Fluffeh (1273756) | more than 5 years ago | (#25619861)

The hypothetical particle even seems to have the right mass to account for one theory of dark matter."

Not to ask the blatantly obvious, but if it's the right mass for one theory of dark matter, I can't help but wonder where they are all being produced. Given a life of 20 picoseconds, I can't imagine that there would be monstrous factories of these things all over the universe to account for the stupidly large amount of mass they are supposed to account for. How come we haven't found them before?

Re:One theory of dark matter eh? (1)

Tenebrousedge (1226584) | more than 5 years ago | (#25619977)

Maybe these new particles are all moving at nearly c?

You're right, probably the dark matter implications won't hold up.

Re:One theory of dark matter eh? (1)

Tacvek (948259) | more than 5 years ago | (#25621167)

As somebody notes below, it is apparently already traveling at (1cm/20ps)=~1.66c. So I'd say that at least some of the particles are traveling at over 99.99% c. ;D

Re:One theory of dark matter eh? (5, Insightful)

zappepcs (820751) | more than 5 years ago | (#25620083)

An absolutely good question. I've been wondering about the effect of radiation from GRBs, blackholes, and other radiation sources in the Universe for a while now. That radiation must have an effect other than raising the ambient temperature a little bit. Even if the radiation is not enough to fry all life on this planet, it's possible that radiation may have an effect on the Sun's activity... which in turn directly affects our climate.

I do understand that the collider is a bit different than our Sun, but does anyone know what effect gamma ray bursts have on the efficacy or activity of our Sun?

With all the hubbub about global warming, I've been getting more interested in what affect our planet's climate. Recently we have found/discovered a few things that might have some effect. While it seems a small thing at best, what is not known is the effect of combined events (or lack of) from outside our solar system on how our Sun behaves.

Note: I am not convinced that man has not contributed to climate change. I simply am not convinced that we truly understand how and what controls our climate. I'd like to know all the factors that have nothing to do with mankind's interference. Until we do, there is no method to fully describe the climate model, nor predict any change to it.

Re:One theory of dark matter eh? (-1, Flamebait)

kipman725 (1248126) | more than 5 years ago | (#25620167)

This state of confusion is quite common among the inhabitants of North America. How hard is it to just acknowledge the simple explanation (even if you are the worst offenders if this is the case)? I mean seriously cosmic gamma ray bursts?!?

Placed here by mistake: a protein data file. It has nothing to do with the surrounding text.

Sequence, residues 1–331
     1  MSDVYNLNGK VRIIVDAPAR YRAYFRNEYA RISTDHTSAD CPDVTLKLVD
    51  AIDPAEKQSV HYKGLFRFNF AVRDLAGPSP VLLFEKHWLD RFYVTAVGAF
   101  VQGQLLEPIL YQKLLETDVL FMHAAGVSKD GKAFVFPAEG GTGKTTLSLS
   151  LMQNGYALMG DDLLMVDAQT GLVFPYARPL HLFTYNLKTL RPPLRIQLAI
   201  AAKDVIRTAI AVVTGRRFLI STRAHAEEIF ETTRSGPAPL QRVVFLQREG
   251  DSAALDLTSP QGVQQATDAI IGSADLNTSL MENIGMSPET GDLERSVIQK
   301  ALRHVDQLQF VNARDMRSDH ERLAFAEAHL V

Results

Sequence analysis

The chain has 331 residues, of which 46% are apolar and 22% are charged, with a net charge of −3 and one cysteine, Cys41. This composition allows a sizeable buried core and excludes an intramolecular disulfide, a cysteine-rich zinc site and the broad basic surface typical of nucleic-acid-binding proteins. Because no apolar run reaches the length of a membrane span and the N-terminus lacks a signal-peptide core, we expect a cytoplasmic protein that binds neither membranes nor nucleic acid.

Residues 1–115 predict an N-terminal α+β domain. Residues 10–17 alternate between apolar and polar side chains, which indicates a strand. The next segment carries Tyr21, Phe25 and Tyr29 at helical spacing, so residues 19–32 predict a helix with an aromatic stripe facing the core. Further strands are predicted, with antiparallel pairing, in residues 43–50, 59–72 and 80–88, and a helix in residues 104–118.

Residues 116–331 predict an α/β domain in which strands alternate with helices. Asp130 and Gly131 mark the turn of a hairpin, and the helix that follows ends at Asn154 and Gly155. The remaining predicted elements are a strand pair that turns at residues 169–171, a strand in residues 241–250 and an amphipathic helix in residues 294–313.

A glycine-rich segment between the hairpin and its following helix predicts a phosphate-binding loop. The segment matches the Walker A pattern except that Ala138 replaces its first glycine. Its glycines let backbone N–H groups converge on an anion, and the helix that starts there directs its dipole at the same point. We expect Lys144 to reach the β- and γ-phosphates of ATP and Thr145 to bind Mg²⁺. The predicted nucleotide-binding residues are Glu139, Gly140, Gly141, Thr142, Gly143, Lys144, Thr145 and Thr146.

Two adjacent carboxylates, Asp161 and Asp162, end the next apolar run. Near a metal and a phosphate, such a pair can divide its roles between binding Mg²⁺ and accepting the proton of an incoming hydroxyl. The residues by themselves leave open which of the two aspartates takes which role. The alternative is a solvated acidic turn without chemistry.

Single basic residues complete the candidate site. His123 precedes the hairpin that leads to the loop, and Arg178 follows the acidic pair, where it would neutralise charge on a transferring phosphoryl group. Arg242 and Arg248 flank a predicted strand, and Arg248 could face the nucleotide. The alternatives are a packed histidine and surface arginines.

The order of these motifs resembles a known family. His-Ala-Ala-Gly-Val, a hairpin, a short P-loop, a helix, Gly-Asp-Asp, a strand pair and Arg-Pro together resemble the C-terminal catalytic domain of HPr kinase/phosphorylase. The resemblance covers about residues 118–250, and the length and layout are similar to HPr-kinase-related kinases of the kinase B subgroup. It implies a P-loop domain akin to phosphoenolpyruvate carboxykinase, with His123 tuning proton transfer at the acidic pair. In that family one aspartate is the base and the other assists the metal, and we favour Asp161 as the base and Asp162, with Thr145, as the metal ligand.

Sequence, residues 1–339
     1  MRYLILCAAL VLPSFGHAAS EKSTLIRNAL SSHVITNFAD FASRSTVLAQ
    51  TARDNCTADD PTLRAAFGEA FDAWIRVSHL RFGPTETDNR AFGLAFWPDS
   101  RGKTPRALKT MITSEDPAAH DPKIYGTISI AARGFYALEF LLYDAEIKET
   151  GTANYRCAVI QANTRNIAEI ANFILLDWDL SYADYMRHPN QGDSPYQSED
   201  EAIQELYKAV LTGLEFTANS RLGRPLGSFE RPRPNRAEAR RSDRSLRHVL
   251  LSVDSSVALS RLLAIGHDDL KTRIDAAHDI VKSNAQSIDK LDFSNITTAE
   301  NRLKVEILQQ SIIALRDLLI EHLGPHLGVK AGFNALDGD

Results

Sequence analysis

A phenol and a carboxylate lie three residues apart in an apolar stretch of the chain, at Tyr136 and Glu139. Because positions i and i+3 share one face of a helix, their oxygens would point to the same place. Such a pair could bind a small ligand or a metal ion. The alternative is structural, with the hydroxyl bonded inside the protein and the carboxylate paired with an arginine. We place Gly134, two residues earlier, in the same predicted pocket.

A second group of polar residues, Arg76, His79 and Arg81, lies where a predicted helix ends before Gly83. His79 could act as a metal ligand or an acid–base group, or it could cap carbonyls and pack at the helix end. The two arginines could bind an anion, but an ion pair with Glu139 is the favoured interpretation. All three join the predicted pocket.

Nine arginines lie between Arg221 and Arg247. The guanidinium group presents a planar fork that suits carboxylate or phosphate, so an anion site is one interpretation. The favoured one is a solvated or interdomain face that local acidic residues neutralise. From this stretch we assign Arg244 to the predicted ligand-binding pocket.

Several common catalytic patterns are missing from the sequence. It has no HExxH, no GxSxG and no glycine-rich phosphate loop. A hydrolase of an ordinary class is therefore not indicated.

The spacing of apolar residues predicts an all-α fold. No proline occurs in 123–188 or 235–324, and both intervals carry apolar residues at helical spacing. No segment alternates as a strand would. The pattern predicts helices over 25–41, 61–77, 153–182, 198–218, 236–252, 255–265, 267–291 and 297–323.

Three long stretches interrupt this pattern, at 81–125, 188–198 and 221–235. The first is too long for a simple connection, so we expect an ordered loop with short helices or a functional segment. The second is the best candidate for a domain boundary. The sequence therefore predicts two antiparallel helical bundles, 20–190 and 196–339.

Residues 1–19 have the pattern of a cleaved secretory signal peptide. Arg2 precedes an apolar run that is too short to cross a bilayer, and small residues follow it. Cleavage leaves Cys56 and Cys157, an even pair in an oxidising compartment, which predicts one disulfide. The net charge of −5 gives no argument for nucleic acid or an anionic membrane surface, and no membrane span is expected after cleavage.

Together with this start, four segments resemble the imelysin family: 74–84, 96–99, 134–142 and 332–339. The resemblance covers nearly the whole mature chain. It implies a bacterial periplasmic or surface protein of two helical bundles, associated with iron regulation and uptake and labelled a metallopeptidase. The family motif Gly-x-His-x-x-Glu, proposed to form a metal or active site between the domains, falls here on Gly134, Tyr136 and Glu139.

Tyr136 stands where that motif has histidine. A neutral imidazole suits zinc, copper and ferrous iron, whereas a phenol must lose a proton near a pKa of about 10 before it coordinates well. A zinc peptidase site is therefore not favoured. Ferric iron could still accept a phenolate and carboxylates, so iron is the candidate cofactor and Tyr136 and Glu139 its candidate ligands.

Re:One theory of dark matter eh? (5, Insightful)

Shark (78448) | more than 5 years ago | (#25620349)

The first thing to realise, regardless of which side of the debate you are, is that there is a lot more politics than science being done on climate change.

I believe this is why the acceptable term has now become 'climate change' rather than 'global warming'.

I'm pretty certain that we do influence the climate. But Parent has a very good point that argument without all the facts is still nothing more than rhetoric.

There are plenty of theories on either side of that debate, but way too much political pressure (agenda?) to even allow for any form of educated and intelligent debate.

Whoever thinks this is Al Gore vs. Big Oil definitely hasn't looked into it deeply enough.

If you want to reduce CO2, *plant trees*. Elaborating a CO2 tax scam is merely a tool for social control.

Re:One theory of dark matter eh? (-1, Troll)

Anonymous Coward | more than 5 years ago | (#25620571)

Well, maybe zappepcs was exposed to too many Stan Lee and Jack Kirby-inspired superhero comic books that involve some kind of transformation through exposure to "cosmic rays" or "the power cosmic". You just have to look at the mammaries depicted in Marvel superhero comics to realize they don't exactly foster a strong connection to reality.

If "cosmic rays" can turn ordinary people into the Fantastic Four, think what they could do to the sun!

Re:One theory of dark matter eh? (3, Interesting)

zappepcs (820751) | more than 5 years ago | (#25620837)

kipman, I did not ask for an explanation of global warming. I am curious as to what effects space radiation has on our solar system, and in turn, our planet. Feel free to assume that every conversation about the planet earth is or should be able man's contribution to the global warming effect. You may also feel free to consider that there is more to science than answering politically charge questions. More often than not scientists simply want to answer a question to know the answer... whatever their personal beliefs. I'm not confused at all. I'm not looking for a cause of global warming. I'm asking what effects various types of radiation have on our Sun and solar system... and in turn, on our planet.